“Among the many things that writing does, it gives you the chance for revenge, clarification; there are a lot of basic human emotions that you can address by being able to write about them.”
Josh Alan Friedman, author of Black Cracker, is the third Friedman brother I’ve interviewed, as part of my “Capturing the (Other) Friedmans” series of podcasts. (I really gotta rename that.) Josh is an accomplished author and guitarist, and has plenty of stories of New York at its most sordid. We met up at a cafe in Times Square to talk about his old days writing for Al Goldstein’s Screw magazine, why it took him more than 30 years to write Black Cracker, his “Lewis & Martin” theory about his estrangement from his brother Drew, his parents’ successful divorce, and more!
“I want my list of works to be lean and mean and everything was urgent and had to be done. Nothing to play the market. My family’s had to suffer for that, that I haven’t done commercial jobs just to bring home the bacon.”
Along the way, we also develop an idea for a high-concept movie, talk lewdly in front of some tourists, pay homage to his literary idols, and figure out that therapy just gets in the way of making good art. If you’ve got a problem with any of that (especially the coarse language) then you should skip this episode.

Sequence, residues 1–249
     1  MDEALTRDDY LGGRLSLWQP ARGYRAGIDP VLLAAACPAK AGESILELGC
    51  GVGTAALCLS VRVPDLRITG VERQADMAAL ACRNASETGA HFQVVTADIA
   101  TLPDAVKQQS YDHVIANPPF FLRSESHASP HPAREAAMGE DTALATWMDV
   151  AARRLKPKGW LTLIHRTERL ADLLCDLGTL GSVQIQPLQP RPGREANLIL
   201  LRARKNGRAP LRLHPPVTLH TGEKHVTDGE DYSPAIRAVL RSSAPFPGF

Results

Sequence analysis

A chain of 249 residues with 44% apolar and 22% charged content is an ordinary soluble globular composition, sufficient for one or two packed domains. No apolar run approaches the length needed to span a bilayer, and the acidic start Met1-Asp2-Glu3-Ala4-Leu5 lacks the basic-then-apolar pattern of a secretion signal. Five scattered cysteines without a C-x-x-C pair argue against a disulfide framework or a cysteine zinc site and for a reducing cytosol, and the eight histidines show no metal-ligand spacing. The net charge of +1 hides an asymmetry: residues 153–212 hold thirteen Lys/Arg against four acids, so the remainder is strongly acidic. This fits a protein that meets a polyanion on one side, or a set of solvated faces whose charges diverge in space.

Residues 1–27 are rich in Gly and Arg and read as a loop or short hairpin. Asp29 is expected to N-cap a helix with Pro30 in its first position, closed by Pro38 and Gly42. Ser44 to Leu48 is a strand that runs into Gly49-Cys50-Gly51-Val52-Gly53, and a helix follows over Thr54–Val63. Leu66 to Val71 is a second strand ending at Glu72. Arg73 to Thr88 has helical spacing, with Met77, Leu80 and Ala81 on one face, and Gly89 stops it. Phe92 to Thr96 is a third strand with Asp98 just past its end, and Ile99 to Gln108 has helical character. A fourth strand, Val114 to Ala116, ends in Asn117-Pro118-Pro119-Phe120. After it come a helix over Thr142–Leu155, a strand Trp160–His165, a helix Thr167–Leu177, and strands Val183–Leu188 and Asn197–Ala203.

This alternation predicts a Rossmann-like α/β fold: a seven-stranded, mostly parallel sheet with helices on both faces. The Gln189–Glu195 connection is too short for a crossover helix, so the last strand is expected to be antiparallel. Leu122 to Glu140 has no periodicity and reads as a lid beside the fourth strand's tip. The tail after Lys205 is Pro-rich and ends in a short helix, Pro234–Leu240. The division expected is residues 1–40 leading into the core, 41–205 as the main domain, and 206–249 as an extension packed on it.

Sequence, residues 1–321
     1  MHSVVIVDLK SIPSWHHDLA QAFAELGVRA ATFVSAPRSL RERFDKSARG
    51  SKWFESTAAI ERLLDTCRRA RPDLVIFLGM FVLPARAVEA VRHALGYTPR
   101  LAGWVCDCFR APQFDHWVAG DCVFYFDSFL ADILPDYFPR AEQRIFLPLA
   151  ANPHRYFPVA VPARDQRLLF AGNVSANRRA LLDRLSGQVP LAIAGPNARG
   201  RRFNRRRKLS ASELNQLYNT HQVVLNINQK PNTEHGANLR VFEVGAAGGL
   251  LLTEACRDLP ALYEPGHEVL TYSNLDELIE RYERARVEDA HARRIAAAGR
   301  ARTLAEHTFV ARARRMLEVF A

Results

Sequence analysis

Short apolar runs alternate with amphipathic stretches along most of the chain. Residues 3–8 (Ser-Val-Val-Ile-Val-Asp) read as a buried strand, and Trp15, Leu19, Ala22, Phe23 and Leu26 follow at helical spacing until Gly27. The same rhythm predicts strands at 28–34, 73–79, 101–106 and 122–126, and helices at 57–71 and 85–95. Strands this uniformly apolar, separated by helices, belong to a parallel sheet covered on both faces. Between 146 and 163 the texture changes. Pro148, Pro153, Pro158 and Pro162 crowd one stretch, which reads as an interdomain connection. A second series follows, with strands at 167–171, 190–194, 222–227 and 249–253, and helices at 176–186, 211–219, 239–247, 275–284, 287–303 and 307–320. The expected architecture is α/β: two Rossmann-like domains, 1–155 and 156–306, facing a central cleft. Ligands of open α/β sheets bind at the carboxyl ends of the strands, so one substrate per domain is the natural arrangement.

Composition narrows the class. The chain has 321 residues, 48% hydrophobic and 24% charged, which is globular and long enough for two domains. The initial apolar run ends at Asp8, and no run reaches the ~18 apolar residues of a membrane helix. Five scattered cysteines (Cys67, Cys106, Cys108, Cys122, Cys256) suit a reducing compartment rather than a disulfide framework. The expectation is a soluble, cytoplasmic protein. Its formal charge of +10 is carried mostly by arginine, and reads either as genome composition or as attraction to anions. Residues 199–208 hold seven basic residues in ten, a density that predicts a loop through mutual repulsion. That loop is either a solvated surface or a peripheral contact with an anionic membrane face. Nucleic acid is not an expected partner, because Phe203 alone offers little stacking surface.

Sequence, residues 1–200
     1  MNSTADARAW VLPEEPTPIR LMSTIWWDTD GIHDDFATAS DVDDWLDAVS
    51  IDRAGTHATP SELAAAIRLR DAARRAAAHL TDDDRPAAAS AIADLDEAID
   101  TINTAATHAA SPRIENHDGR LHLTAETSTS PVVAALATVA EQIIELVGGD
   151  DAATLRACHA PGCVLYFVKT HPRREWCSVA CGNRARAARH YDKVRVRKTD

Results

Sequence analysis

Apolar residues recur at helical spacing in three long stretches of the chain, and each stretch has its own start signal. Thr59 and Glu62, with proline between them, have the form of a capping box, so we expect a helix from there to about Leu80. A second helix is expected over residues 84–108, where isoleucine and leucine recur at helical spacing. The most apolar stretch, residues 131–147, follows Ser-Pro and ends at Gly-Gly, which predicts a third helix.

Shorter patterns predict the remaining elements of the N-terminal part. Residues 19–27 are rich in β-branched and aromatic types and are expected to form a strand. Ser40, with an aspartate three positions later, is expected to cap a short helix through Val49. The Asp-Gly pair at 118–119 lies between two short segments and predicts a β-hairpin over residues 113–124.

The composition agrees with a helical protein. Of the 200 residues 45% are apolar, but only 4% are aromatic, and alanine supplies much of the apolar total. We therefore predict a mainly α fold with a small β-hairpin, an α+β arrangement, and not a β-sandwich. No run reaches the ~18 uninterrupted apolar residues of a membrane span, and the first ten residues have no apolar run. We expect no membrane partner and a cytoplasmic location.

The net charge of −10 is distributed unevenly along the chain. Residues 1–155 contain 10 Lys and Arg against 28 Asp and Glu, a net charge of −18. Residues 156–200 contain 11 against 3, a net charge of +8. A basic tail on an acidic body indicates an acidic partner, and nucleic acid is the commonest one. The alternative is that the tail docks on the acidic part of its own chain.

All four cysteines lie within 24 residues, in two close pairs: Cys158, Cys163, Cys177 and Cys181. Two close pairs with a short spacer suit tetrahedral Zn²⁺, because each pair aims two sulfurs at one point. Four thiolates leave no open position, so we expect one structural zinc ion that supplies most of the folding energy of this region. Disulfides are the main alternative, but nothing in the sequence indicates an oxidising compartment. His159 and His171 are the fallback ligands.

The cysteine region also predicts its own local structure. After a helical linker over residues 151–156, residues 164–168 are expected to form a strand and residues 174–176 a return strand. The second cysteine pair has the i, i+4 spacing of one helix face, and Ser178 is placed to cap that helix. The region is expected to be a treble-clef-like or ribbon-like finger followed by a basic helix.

About our Guest
In 1987, writer-guitarist Josh Alan Friedman sold his soul to the devil at the crossroads (the Crossroads of the World: Broadway & 42nd Street) and moved to Texas. He’d just written Tales of Times Square, a cult classic. Josh’s latest book is Black Cracker, the story of his tumultuous childhood as the only white boy at Long Island’s last segregated school. In 2008, he wrote Tell the Truth Until They Bleed: Coming Clean in the Dirty World of Blues and Rock ‘n’ Roll. He has also written When Sex Was Dirty, and I, Goldstein: My Screwed Life (with Al Goldstein), and co-edited Now Dig This: The Unspeakable Writings of Terry Southern, 1950-1995. Josh also set off satirical fires and lawsuits as writer-half of the Friedman Bros, the most feared cartooning duo of the late ’70s and ’80s. Two anthologies remain in print, featuring the art of Josh’s brother, Drew Friedman: Warts and All, and Any Similarity to Persons Living or Dead is Purely Coincidental (Two). On the music front, as “Josh Alan,” he barnstormed the state of Texas for 20 years, rocking whole arenas with his Guild D-40. Copping three Dallas Observer Music Awards for Best Acoustic Act, he released four albums: Famous & Poor, The Worst!, Blacks ‘N’ Jews (the title of which became a documentary on Josh’s life) and Josh Alan Band.
Credits: This episode’s music is Jeff’s Boogie by Josh Alan (Friedman). The conversation was recorded at the Cafe Edison on a pair of Blue enCORE 200 microphones feeding into a Zoom H4n recorder. The intro and outro were recorded in a hotel room in London on the same gear. Processing was done in Audacity and Garage Band. Photo of Josh Alan Friedman by me.